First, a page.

AT: Not only is the sun that’s shining down on everyone the same, the bodies are equally curvaceous and sensual with all the sweat beads, and they are even watched by the same pair of eyes. So you won’t find a lot of differences on my canvases. Maybe I mix more burnt umbras on my palette.
WLB: The name of Fernando Botero comes up quite frequently in connection with your paintings. What about him captivates you so much?
AT: Ever since my university years, I’ve been attracted to these curvaceous figures. It is no secret that I became obsessed with the world of Fernando Botero back then. His point of view, his visual world, his kind irony are all really close to me. For me, these round shapes, this way of depicting bodies is a projection of my innate, unwavering optimism and love of life. Anyone who knows me knows that I base my Male and Female figures on the characteristics of myself and my wife.
WLB: The oil paintings you put on display at the Balaton-inspired exhibition Plattensee last year were painted on blockboards, raspberry crates from Nagymaros, wardrobe doors and two wooden fish, to mention but a few. Are you drawn to unique surfaces?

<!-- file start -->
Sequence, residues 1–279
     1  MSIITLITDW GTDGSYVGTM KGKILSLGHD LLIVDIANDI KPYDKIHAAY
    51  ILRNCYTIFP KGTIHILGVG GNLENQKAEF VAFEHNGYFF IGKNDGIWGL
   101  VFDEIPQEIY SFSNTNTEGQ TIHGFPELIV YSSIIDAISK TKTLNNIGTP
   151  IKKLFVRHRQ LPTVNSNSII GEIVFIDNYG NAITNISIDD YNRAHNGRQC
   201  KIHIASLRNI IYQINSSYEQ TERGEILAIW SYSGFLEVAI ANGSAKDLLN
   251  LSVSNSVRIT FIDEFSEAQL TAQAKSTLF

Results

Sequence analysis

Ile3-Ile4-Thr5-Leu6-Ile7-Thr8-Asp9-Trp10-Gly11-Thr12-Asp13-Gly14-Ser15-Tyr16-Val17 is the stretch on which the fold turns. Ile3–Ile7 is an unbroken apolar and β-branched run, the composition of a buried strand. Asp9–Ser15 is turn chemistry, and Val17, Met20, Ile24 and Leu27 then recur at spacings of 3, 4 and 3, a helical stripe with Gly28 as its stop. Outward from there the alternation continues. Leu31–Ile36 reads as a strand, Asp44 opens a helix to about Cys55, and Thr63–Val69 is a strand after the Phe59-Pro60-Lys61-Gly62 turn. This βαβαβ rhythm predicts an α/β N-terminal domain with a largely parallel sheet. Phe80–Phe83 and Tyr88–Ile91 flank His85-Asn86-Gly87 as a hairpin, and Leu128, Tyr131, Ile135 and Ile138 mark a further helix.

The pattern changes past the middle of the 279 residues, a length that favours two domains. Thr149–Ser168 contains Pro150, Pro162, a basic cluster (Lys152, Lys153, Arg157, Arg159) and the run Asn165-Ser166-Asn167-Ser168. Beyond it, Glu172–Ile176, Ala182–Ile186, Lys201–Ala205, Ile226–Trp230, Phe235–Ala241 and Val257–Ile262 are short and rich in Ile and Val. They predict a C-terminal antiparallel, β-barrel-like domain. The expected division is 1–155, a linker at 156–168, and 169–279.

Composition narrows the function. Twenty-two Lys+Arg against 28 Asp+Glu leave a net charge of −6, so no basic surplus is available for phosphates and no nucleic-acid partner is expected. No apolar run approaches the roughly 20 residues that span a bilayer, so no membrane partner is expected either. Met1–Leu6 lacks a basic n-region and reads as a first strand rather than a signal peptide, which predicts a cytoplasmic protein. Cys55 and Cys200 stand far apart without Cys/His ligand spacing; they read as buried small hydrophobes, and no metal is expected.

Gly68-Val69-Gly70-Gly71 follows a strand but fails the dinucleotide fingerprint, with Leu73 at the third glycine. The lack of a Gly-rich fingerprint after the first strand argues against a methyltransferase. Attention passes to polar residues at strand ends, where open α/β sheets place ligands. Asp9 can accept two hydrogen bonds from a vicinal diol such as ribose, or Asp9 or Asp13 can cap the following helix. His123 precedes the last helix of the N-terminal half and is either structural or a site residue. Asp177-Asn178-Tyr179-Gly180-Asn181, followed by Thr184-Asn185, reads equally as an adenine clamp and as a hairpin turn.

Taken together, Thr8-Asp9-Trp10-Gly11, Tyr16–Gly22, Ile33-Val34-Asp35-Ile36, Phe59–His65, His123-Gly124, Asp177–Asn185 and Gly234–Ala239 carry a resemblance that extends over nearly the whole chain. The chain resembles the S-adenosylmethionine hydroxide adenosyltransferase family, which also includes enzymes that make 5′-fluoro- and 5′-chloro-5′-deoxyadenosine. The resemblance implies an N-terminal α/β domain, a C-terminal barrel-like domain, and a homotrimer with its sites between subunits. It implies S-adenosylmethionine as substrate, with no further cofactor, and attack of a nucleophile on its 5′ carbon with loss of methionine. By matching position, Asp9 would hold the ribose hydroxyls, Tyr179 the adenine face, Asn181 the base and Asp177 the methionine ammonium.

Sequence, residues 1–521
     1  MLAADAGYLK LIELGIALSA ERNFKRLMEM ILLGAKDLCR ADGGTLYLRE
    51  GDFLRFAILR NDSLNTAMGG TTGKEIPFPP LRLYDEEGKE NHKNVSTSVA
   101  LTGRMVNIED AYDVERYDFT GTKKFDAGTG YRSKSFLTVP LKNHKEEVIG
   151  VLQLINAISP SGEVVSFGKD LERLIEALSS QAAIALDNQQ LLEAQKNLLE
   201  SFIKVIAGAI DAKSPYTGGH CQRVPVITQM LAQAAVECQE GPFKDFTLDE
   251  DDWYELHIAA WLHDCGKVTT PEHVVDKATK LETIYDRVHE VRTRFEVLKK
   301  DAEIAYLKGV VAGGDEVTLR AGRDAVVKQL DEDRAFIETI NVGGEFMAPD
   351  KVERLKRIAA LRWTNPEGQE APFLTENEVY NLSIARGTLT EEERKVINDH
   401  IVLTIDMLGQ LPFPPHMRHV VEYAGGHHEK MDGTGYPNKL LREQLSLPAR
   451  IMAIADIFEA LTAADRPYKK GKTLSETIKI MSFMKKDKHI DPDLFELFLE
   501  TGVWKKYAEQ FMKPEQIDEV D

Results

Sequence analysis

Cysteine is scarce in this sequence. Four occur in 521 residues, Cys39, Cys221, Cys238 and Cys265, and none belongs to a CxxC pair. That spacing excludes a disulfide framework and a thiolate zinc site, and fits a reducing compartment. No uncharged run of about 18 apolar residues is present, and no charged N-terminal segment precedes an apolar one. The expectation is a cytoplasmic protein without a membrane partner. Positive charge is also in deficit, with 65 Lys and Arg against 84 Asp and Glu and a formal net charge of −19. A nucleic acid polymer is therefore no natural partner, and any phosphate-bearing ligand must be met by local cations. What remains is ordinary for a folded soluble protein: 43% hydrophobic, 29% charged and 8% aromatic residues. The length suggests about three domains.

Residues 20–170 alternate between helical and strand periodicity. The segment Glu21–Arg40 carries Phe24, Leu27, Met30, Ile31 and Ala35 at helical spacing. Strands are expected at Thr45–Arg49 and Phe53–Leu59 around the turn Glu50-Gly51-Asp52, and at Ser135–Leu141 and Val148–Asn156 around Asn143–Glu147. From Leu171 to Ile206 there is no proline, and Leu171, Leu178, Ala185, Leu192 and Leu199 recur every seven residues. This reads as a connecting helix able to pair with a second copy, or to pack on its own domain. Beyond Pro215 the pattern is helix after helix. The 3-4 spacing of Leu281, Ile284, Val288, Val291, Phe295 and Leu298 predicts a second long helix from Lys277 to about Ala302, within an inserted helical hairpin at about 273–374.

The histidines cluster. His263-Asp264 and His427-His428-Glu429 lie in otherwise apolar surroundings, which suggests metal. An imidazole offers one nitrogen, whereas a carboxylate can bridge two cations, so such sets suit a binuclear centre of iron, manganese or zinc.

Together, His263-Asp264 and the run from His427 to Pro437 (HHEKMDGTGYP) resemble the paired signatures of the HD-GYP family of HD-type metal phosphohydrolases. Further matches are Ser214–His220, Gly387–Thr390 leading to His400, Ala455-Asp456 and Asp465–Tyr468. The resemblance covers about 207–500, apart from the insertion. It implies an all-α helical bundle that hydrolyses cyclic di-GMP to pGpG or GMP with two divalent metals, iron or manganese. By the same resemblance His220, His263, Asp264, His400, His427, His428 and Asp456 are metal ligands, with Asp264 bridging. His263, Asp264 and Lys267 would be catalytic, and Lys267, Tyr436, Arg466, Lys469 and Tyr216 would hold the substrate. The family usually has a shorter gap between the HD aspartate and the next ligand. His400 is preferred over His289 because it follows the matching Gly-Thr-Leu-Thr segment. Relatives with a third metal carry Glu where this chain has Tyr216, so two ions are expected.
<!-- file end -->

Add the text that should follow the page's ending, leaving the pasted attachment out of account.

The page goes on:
AT: I’ve used wooden surfaces since my Sicily-themed exhibition. A good friend of ours called Máté lives in Nagymaros, he’s a furniture restorer, an inventor, a Jack of all trades, an oddball. He always has an interesting wooden board or wardrobe door. He surprised me with the raspberry crates. I got four shallow, makeshift wooden crates, I set them up in the middle of my studio, and they were there for days. I waited for them to speak to me. Finally, it happened. I love that these different wooden surfaces communicate their own visual worlds.
It’s hard to pintpoint what ART HEKK really is. Perhaps the introductory lines written by Péter Geszti (who came up with the name as well) say more about it:
Beach, reeds, ducks, Badacsony, sunset, summer bungalows, lángos, pancake. Disco lasers flashing in the night, dimmed disco sounds coming from the other shore. Swimsuits, girls, swallows and amazons, tanning lotion, mattress, buoys, ferry, the mud and its smell. The train’s noise that fades into an announcement through the loudspeaker. Sailing boats. Swaying on the lake. The gnat that you swallow. Every summer is retro, every time is past.
The lake that has a north and a south shore, but no east or west shore. How is it possible? Going even further. Does Hungary even have a sea? No. Then why is Balaton called the Hungarian sea? Moreover. What is the most popular fish of Balaton called? Hake. And what kind of fish will you not find in Balaton? Hake.
So, this is how things paint themselves in our neck of the woods. The small, but great and cheerful nonsense of things that we swim in so comfortably. The reality that we have “ha(c)ked”. This is what ART HEKK is about.
To transform the like-less into likeness.